Everybody faced his or her own hardships and fears. Basic issues concerning the nation’s political system were at stake but it was not even clear which branch of government had the authority to decide on any of those issues. Andrew Johnson made matters worse for the southern economy when he fought against government aid to businesses. “Johnson strongly supported states rights and opposed government aid to business” (Davidson, 2002, p. 456). The lack of help from the American government to aid the south in Reconstruction seemed to further increase the debt shared by many southerner’s.
The southern states had to rely upon themselves to regain their economic stability without their businesses, fields and workers. The lack of help from government increased the gaps between the booming industries of the North and the paralyzed South. With the Reconstruction came changes in farming which was part of an economic reorganization in the “New South” (Clayton, 2003). These changes affected the long-term health of the South’s economy. African Americans took to sharecropping in order to gain economic freedom while not being considered wage laborers.
The whites still owned the land but under this practice, different African Americans could farm different plots then share the crop at the end of the year. The idea which seemed resourceful for the time was more of a cry of new found freedom rather than an economic gain because while utilizing the sharecropping technique “black families often sank into perpetual debt” (Davidson, 2002, p. 469). Socially the nation was at odds with one another. Deep racism, lack of government help, and thousands of questions plagued the citizens and government.
The white population was at grips while the former slaves finally had reason to celebrate the Union’s victory. The Civil War created the ability of blacks to educate themselves, vote, own land, move, practice religions and even have last names. The rights associated with the Union’s victory gave the African American community what it rightfully deserved, the right to an identity. Black families were created following the Civil War in which marriage became legal and creating a household with children and an income became commonplace.
The ability to marry legally was a large right which was denied of all slaves. The marriage would never falter and unlike the past “Secret” marriages, this time the wife or husband could not be stripped of the family. The development of black families meant a central location and like all civilizations families need certain things to sustain their physical and mental well beings. Education and schools followed the freedom along with churches. “In freedom, the schoolhouse and the black church became essential institutions in the black community” (Davidson, 2002, p. 67). Education was a valuable asset because it brought the African American community out of the dark and into light. Blacks could understand politics, read the bible, study, and pursue literacy and achievement which was never before possible. Literacy and education paved the road to political activism and gained the blacks limited political power, but political power no less. No longer could the blacks be looked upon as a totally ignorant population that could be taken for granted. Education brought power and power is just what many freed slaves craved.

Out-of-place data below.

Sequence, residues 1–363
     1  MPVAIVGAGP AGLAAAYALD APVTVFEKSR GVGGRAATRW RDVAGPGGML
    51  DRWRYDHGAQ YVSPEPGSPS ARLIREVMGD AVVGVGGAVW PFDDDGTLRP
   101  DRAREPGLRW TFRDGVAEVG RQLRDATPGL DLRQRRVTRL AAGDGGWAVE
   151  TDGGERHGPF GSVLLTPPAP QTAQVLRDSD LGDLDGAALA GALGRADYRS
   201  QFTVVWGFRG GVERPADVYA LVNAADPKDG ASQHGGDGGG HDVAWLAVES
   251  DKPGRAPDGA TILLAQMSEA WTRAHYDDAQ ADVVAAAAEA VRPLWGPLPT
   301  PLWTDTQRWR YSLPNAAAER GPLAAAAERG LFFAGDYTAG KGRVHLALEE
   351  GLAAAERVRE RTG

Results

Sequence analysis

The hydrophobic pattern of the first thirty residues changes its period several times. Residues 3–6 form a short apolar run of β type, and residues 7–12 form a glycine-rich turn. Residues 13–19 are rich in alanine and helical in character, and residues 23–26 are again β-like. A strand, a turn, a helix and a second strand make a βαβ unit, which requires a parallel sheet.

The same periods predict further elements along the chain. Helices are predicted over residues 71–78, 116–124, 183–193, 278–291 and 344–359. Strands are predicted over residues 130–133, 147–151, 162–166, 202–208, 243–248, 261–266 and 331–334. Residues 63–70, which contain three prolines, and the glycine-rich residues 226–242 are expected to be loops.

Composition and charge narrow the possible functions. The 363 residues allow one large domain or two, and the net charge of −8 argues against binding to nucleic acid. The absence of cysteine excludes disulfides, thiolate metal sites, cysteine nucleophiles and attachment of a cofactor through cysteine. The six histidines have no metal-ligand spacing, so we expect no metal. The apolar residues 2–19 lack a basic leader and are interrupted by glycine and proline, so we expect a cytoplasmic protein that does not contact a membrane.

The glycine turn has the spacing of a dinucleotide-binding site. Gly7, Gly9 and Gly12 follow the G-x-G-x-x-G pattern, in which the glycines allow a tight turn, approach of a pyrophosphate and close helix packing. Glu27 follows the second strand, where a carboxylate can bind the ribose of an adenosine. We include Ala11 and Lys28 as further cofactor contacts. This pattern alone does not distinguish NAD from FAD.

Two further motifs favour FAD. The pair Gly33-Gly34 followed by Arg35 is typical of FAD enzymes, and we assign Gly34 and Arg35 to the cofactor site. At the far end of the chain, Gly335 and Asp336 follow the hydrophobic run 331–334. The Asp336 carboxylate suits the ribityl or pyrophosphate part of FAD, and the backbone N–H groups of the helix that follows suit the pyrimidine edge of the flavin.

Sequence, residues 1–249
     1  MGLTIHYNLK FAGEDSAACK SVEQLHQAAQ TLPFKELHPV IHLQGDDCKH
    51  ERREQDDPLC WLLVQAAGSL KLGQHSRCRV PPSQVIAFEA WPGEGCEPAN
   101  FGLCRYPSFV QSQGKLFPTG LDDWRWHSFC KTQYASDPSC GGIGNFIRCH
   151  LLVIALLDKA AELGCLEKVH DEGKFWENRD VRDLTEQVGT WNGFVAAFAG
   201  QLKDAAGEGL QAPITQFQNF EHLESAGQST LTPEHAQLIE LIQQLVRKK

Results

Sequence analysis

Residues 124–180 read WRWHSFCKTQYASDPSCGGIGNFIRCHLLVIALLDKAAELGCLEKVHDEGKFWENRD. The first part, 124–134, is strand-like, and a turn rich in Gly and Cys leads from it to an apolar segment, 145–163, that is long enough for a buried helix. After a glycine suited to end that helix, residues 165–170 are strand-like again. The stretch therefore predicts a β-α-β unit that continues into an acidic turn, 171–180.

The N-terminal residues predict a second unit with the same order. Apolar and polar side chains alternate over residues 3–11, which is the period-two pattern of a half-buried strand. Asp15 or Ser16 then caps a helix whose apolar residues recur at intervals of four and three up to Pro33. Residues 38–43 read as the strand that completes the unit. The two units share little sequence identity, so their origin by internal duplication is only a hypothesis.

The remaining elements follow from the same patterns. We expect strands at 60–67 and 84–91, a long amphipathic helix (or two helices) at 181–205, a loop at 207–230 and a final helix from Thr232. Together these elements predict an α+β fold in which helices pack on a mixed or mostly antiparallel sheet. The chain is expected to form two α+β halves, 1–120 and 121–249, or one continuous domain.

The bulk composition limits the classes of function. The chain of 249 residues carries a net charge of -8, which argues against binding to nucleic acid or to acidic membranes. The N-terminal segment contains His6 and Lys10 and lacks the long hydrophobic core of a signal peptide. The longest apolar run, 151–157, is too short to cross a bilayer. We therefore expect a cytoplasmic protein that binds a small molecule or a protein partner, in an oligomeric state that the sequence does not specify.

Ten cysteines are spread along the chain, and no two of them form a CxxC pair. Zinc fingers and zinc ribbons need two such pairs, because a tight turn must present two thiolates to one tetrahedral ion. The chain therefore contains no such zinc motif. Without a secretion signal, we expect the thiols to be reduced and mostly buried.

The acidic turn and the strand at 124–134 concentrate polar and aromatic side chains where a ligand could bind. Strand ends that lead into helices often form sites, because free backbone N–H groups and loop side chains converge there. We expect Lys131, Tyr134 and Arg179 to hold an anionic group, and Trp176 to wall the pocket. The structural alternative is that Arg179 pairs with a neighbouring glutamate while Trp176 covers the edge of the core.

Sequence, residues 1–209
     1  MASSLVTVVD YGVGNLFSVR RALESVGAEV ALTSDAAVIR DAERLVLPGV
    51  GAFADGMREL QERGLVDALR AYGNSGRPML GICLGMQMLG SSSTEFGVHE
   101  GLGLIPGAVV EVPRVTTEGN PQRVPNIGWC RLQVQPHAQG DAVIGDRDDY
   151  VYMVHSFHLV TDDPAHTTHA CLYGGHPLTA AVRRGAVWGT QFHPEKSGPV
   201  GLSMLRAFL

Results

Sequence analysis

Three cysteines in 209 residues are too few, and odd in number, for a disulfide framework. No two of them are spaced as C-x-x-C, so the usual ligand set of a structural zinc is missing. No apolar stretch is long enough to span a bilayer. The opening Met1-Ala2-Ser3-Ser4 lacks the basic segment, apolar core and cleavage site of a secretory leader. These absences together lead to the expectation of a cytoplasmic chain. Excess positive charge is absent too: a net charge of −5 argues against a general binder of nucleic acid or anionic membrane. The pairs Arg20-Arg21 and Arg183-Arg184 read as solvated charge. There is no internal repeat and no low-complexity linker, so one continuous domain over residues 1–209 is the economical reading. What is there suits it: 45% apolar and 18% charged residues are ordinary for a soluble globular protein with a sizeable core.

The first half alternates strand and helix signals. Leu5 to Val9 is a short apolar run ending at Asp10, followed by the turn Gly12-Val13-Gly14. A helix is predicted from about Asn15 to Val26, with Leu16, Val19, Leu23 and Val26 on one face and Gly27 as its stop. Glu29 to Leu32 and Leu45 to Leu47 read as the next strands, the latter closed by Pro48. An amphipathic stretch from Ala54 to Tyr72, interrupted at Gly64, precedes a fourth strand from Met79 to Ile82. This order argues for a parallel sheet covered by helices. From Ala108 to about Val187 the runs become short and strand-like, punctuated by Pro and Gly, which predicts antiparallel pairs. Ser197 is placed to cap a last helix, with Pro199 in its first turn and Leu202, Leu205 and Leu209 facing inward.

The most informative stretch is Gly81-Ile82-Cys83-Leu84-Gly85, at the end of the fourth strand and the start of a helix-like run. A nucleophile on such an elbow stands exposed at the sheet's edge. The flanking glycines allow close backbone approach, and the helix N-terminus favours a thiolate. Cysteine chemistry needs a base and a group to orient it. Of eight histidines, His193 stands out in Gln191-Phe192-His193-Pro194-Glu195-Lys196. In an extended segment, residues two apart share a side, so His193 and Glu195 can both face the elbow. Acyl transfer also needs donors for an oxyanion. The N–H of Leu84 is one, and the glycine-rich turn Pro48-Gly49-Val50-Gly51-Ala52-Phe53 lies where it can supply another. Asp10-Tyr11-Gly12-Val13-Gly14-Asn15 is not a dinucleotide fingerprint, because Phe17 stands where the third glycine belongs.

Racism filled the country from brim to brim and organizations such as the Ku Klux Klan evolved and established themselves after the Civil War. Andrew Johnson was an outspoken racist who only wanted revenge on the masters and did not place care or concern into the welfare of African Americans. The advancement of freed slaves was blocked in many sectors of the country because of the outstanding racism. “Racism stimulated white southern resistance, undercut northern support for black rights, and eventually made northerners willing to write off Reconstruction, and with it the welfare of African Americans” (Davidson, 2002,p. 75). The wars numerous political consequences ranged from the corruption that occurred after the war to the loss of power experienced by southern politicians. The federal government had to face the uneasy tasks of Reconstruction, African American rights, and the assassination of Abraham Lincoln. Andrew Johnson took the presidency as a staunch racist with different ideas on how to reconstruct the nation. Johnson believed in strong state rights and because of this that many of the states developed “black codes”. Each state passed a series of laws, often modeled on it s old slave code, that applied only to African Americans” (Davidson, 2002, p. 457). The advancement of African Americans was not a priority in the eyes of Andrew Johnson and he spent much of his time abolishing slavery and trying to erase the national debt caused by the length war. The politics of Johnson were so hated that the 1867 Congress tried to impeach the president and failed “one vote short of the two-thirds majority needed” (Davidson, 2002, p. 262). The Fourteenth Amendment to the United States Constitution gave the African Americans undeniable rights.